Of course not, Christmas is out of the question only one week after Easter. But, the rich boon of meanwhile twelve Bartók Urtext editions already makes us think of a table loaded with gifts – especially with even amongst them, the most recently released Romanian Christmas Songs, is a veritable Christmas title. So, let’s just take a closer look….
Two years ago we started Bartók off with the famous Allegro barbaro. Other popular individual works followed with Sonatina and Suite op. 14, together with collections of folk music ranging from the Romanian Folk Dances and Hungarian Peasant Songs to the avant-garde Improvisations op. 20. Bartók’s two great pedagogical collections are by now also available: that on Hungarian and Slovakian lieder for beginners For Children and – last but not least – Mikrokosmos, with its 153 numbers covering everything that can be learned on the black-and-white keys, from the first “Six Unison Melodies” to the “Six Dances in Bulgarian Rhythm”.
So, at Henle in the past two years we’ve issued not only another component of 20th-century piano music, but have also learned a great deal about Bartók’s music and editing it. For our practical editions do indeed arise within the context of the Béla Bartók Complete Critical Edition in close collaboration with the Bartók Archives in Budapest, where these questions have been pursued for decades. For the piano works we are even working with three generations of Bartók researchers:
The most famous of these is, of course, László Somfai, who also initiated the Complete Edition. In preparing his complete-edition volume Piano Works 1914–1920 planned for this year, he is editing numerous individual works in Urtext. His successor as editor-in-chief of the Complete Edition, László Vikárius, already contributed together with Vera Lampert the first volume For Children in 2016, and has also supervised subsequent resulting Urtext volumes. Finally, Yusuke Nakahara, as archives research associate, edited our three-volume Mikrokosmos Urtext edition in advance of the complete-edition volume.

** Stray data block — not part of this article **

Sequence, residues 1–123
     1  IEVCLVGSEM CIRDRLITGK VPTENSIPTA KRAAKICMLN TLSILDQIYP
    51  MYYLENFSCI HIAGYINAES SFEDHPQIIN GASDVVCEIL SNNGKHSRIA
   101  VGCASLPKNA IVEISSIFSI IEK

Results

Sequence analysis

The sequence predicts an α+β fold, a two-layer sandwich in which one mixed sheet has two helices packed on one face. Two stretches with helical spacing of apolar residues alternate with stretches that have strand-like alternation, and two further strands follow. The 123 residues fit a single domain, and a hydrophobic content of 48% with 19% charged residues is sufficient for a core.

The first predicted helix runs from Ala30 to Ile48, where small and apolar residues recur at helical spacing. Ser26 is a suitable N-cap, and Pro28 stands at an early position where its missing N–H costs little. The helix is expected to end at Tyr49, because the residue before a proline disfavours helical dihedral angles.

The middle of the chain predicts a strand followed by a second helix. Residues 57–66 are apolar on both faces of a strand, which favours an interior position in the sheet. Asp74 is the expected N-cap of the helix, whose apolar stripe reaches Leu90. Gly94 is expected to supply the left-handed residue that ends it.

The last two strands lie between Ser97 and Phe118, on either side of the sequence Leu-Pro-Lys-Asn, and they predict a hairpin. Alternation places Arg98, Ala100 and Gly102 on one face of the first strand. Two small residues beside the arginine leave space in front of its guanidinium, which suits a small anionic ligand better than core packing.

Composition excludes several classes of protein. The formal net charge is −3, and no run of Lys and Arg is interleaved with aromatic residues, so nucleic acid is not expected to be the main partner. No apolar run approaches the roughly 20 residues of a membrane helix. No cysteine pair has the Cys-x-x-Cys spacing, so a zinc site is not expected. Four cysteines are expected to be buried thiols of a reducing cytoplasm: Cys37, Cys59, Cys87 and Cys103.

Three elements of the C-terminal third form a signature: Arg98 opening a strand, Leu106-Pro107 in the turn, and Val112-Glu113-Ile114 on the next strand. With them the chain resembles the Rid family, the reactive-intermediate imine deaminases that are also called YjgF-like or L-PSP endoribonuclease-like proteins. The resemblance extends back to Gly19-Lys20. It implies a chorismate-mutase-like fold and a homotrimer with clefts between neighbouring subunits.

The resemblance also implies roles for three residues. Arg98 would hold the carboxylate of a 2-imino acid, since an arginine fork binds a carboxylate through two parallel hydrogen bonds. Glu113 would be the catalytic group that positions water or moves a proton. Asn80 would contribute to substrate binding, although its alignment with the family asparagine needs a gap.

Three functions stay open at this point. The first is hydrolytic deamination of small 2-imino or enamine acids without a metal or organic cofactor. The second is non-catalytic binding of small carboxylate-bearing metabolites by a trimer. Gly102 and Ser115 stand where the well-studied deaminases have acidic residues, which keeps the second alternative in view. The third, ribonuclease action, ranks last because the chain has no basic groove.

The extensive collection in the Budapest Bartók Archives and the excellent networking with international Bartók scholars is enabling the editors to research Bartók’s oeuvre und work intensively, which, apart from the compositional sources, also involves even Bartók’s ethnographical collections, correspondence and personal memoranda, as well as his numerous publications of and about music. For as a child of his time, Bartók expressed himself most diversely in word and sound: whether in essays or lectures, in broadcast recordings, concerts or so-called instructive editions of other composers.
These editions of the piano works of a Bach or Mozart, intended and elucidated for performance, include as many as some 2000 printed pages in Bartók’s estate – and give an idea of exactly how he interpreted the music notation. No wonder that then for his own works he confronted the publishers with pages-long explanations on the position and width of crescendo hairpins and set the highest standards for music notation – a challenge that we gladly accept!